Monday, August 27, 2007

Why you need your very own Areas at Sharepoint Portal Server 2003.

Why you need your very own Areas at Sharepoint Portal Server 2003.
How to understand this functionality

The search engine, on Sharepoint, makes use of innovative algorithms and dazzling mathematics. But judging whether these results are any good or not is completely in the eye of the beholder. It's subjective.

The Search engine sometimes don't provide valuable results. This is can often be because when you know little about what you're looking for, you have little idea as to what to search for. For example, someone interested in learning about crabs may never have heard of the term crustacean (or know how to spell it).

It's often easy to forget that better maths, artificial intelligence, natural language processing, fuzzy logic, and neural nets, may never work out that "Bubble & Squeak" has nothing to do with bubbles or squeaking. But people can make these connections and structures easily. One way to help your search engine to locate "better" matches is to add a little common-sense humanity and create Areas.

Areas are simply a classification or an organization of related keywords or concepts. A better search engine is essential in a world where more and more people now understand what "information overload" and "being lost in hyperspace" feels like.

The challenge

Making Areas is an act of communication. They basically capture an essence of the knowledge that resides in your organization. A conceptual short-hand overview that describes what's important and how things you are interested in relate to each other. Creating Areas, like anything that worthwhile can be hard work, time-consuming and require considerable domain expertise and creativity.

Imagine a "Creatures of the World" site. It may have an areas structure like this...


Warm blooded
- Mammals
- Birds
Cold blooded
- Fish
- Reptiles
Crustaceans (Crabs, Lobsters, barnacles, etc)[li]Insects

Already you may be thinking, I wouldn't have organized the Creatures like that, my users need to access them like this...


- Barrier Reef
North Pole

Now imagine looking for information of the Red Rock Crab (Plagusia chabrus)

In the first example, I might not know what a Arthropoda was (I didn't when I started this article). In the second example, would a crab be in the Land or Seas section.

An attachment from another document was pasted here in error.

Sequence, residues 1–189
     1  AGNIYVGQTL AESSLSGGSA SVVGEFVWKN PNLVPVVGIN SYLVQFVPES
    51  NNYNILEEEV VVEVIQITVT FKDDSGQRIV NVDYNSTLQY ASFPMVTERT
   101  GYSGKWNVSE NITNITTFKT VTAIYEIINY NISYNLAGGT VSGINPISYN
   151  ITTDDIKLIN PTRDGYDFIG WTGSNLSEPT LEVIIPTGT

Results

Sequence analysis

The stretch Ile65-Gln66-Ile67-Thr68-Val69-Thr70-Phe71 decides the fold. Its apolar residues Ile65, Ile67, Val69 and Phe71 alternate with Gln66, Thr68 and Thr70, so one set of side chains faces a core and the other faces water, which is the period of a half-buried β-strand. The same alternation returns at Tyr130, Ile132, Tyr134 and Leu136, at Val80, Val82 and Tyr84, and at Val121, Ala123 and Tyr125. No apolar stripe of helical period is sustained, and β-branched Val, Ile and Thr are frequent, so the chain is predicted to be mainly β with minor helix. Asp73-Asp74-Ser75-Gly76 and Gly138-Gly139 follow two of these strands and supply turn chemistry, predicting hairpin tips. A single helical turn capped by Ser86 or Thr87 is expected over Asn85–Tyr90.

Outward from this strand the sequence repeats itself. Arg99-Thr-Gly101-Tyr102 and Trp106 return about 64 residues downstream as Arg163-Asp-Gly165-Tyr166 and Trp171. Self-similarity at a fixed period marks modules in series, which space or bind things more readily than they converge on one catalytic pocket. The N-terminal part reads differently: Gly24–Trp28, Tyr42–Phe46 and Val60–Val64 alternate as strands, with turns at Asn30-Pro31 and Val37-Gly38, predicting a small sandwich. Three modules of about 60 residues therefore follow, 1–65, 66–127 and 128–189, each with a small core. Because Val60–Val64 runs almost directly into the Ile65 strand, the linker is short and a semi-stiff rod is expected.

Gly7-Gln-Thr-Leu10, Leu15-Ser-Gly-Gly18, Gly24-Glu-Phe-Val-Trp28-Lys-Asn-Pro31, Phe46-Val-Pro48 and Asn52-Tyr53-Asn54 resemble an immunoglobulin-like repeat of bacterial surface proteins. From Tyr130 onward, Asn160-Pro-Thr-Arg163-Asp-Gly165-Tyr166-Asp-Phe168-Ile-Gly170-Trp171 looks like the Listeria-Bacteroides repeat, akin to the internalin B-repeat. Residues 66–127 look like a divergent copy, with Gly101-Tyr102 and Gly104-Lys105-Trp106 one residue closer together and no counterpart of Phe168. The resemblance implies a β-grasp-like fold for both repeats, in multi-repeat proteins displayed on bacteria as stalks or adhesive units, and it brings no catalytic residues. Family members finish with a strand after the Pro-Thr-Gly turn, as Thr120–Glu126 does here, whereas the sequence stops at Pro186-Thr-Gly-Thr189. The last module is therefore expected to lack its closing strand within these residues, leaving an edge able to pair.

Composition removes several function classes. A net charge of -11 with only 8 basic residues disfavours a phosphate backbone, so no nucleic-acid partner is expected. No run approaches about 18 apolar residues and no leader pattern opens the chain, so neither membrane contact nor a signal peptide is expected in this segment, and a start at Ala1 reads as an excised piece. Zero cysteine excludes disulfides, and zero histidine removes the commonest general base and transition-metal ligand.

Making Areas for your company can be very political. The way information is organized helps define the information. Both the examples above don't mention the rarity of the animals, something I would want to make a primary node if I wanted to raise environmental issues.

Often we don't question Areas structure when we see them. Many off-licences I visit have wines arranged by price (with the expensive wines normally higher than the cheap plonk) or by region (France, Spain, The Americas etc). But one online company, has chosen to arrange their wine by taste, with categories of "fizzy", "fresh", "juicy", "big" and sweet. I'm not a wine buff, but using this Areas structure, I know that I'd probably like anything between "juicy" and "smooth" wines and I'd be more prepared to be adventurous within this category than a category like "Australia" or even a price range. It took the people at Best Cellars time and effort to categorize the wines on offer, but doing so has made me more likely to find what I want and (incidentally) spend money!

Facetted classification to the rescue

One of the problems with Areas and classification is that the world and the things in it, tend not to like a hierarchical arrangement of folders. In the past, many classification systems were too exclusive and restrictive, becoming hugely complex, cumbersome and political. A facetted classification system is a more fluid approach to creating areas structure.

Facets allow for a more complex structure, where the categories are applied to the information like keywords. For example, the "Red Rock Crab" would be able to be found in numerous ways, for example...

Red Rock Crab

Animals / Invertebrates / Crustaceans /
World / Seas / Pacific
World / Land / Australasia
A new search engine, Teoma, reveals these categories (or facets) in a way I find very helpful. Contrast the way these search results work.

"Red Rock Crab" at Teoma

"Red Rock Crab" at Google

Small steps
Making Areas is a collaborative and iterative process. You shouldn't expect get it right first time. This means that working with the areas structure needs to be readily available to all involved and stunningly easy to use, otherwise it will stagnate and not be used. It needs to evolve so that you can imagine your intranet making sentient suggestions, "people who made use of these corporate logos also read these branding guidelines".

Interestingly, you end up with something that closely resembles a thesaurus, but one that is geared to your subject area. The thesauri themselves are enjoyable to browse and can easily be integrated into search queries to find conceptually related material.

As we are all discovering, it isn't enough to simply to have information available because the way you choose to organize your information may, ironically, be preventing people from finding and using it. Facetted Areas structure allow a for a multitude of information structures to coexist.

Looking on the horizon are technologies like RDF and XML topic maps and concepts like the Semantic Web and Knowledge Management all of which are attempting to make pieces of information more meaningful by understanding the relationships that exist between them. These technologies may make the web a "smarter" place to be, but in the meantime, integrating your search engines with your areas structure will make your sites more meaningful, useful and humane.

This is an adaptation for SharePoint 2003 Topics Areas found at



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